March 20, 2012:
The U.S. Navy wants its new carrier based UAVs to understand the hand signals deck crews use to direct pilots of aircraft around the flight deck. This is because, as the U.S. Navy hustles to ready its X-47B for carrier landings, attention has also been paid to how deck crew would communicate with the UAV once it had landed. Currently, UAVs like this are moved around the landing area by their remote operators. For the U.S. Air Force this involves a local operator, not the ones based in the U.S. that operate these UAVs remotely via a satellite link. While the navy could go with a hand held device (like a video game controller) it would be simpler if there were pattern recognition software for one of the X-47B's cameras that would recognize and interpret the deck crew hand signals.
The X-47B will begin landing on, and taking off from, carriers next year. Take-offs are relatively easy. The hard part is landing. Software has already been developed for this, and last year a manned carrier aircraft (an F-18), using the X-47B automated landing software, successfully landed on a carrier. Actually, this kind of software has been in development for over a decade, to make it easier for human pilots to land on carriers (the most difficult type of landing). It was not a major leap to make this software even more powerful and reliable. When the X-47Bs begin landing on carriers it will be silicon all the way.
The U.S. Navy believes they need unmanned combat aircraft (UCAS, or Unmanned Combat Air System) on their carriers as soon as possible. The current plan is to get these aircraft into service six years from now. But there is an effort to get the unmanned carrier aircraft into service sooner than that. A major reason for this is the realization that American carriers currently have to get within 800 kilometers of their target before launching bomber aircraft. Potential enemies increasingly have aircraft and missiles with range greater than 800 kilometers. The navy already has a solution in development; the X-47B UCAS has a range of 2,500 kilometers.
Last year the U.S. Navy leadership also ordered naval aviation commanders to examine the possibility of reducing orders for the new F-35B and F-35C manned aircraft and use that money to buy the new X-47B, as well as similar robotic combat aircraft. The navy currently plans to buy 680 F-35B and F-35C aircraft for (on average) $100 million each. A UCAS (Unmanned Combat Aerial System) costs less than half that and provides most of the same capabilities, plus much longer range.
For most of the last decade the navy has been hustling to ready a UCAS for carrier operations and combat use. Within four years the navy expects to have the X-47B demonstrating the ability to regularly operate from a carrier and perform combat (including reconnaissance and surveillance) operations. The new efforts aim to have UCAS aircraft perform ground attack missions as well, something the Predators have been doing for over a decade. The larger Reaper UAV was designed to expand this combat capability, and is being built as quickly as possible to replace F-16s and other bombers in the combat zone.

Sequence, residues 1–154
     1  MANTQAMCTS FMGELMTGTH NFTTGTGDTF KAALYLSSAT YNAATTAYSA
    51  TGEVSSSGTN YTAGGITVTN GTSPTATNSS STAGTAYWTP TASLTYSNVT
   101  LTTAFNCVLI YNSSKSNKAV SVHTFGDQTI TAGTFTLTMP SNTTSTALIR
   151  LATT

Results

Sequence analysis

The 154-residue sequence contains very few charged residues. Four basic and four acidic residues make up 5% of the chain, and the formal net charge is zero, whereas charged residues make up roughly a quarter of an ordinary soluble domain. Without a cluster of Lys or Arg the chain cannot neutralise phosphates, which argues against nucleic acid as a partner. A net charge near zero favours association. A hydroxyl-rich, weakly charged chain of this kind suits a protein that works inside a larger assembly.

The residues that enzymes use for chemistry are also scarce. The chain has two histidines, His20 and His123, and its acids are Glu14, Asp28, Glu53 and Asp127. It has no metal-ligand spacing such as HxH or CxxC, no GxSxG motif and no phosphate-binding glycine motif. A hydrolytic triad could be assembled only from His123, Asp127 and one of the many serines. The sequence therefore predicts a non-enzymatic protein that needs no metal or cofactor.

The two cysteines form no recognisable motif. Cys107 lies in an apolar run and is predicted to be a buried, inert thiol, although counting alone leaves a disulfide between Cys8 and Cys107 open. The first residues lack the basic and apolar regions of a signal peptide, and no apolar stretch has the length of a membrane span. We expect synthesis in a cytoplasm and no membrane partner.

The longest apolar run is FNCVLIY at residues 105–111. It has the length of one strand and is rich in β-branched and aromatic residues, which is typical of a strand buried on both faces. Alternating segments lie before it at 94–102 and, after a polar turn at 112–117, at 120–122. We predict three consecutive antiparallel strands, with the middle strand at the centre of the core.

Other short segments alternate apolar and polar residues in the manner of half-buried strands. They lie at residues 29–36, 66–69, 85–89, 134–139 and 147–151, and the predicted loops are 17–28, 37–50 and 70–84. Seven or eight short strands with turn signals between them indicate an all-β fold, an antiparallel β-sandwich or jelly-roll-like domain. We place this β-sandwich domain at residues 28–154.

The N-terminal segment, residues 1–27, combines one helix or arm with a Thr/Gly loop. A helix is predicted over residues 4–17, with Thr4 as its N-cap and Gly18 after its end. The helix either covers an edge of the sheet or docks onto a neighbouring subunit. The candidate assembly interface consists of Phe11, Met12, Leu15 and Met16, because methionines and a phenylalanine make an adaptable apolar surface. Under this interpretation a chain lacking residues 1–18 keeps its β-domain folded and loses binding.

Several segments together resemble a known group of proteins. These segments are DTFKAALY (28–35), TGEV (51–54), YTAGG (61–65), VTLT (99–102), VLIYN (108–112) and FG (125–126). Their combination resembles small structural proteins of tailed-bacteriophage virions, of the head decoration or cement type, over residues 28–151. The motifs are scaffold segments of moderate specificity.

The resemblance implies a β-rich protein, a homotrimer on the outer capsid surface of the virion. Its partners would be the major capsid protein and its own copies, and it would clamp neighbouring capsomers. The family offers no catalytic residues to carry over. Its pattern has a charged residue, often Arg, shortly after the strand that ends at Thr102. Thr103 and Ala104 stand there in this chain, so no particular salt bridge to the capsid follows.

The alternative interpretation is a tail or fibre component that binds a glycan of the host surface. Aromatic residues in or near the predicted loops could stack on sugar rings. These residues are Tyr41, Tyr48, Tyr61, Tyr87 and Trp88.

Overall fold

The 20 ton X-47B weighs significantly less than the 30 ton F-18E and has two internal bays holding two tons of smart bombs. Once it can operate off a carrier, the X-47B will be used for a lot of bombing. The X-47B uses a F100-PW-220 engine, which currently powers the F-16 and F-15. The navy has been impressed with the success of the missile carrying U.S. Air Force Predator and Reaper UAVs and expects the same kind of success with the X-47B. The Reaper weighs only 4.7 tons, is propeller driven, and carries only about half a ton of weapons. The navy is also testing the jet powered successor to the Reaper, the ten ton Avenger that carries 1.5 tons of weapons.
The air force and navy have always differed about the widespread use of UAVs in combat. When the air force agreed to work with the navy on UCASs a decade ago, the idea was that the air force ones would largely remain in storage, to provide a rapid "surge" capability in wartime. The navy, however, wanted to use theirs to replace manned aircraft on carriers. The reason was simple: carrier ops are dangerous and carrier qualified pilots are more difficult and expensive to train and retain in the service. The navy still has these problems and senior admirals are pretty much in agreement that UCASs are the future of carrier aviation. The sooner these UCASs prove they can safely and effectively operate from carriers, the better. The X-47B (or planned, slightly larger, X-47C) is not the definitive carrier UCAS but the navy hopes it is good enough to show that unmanned aircraft can do the job. Normally, "X" class aircraft are just used as technology demonstrators. But the X-47 program has been going on for so long, and has incorporated so much from UAVs already serving in combat, that the X-47B may end up eventually running recon and bombing missions as the MQ-47B.
The DARPA project is, in effect, the Department of Defense leadership backing the navy plans and spurring the air force to catch up. At the moment, the air force has a hard time building enough MQ-9s, which are used as a ground support aircraft, in addition to reconnaissance and surveillance. But, as the navy is demonstrating, you can build UCAS that can carry more weapons, stay in the air longer, and hustle to where they are needed faster. DARPA will try to demonstrate this, but it will be up to the air force and navy (and maybe even the army) to make it happen.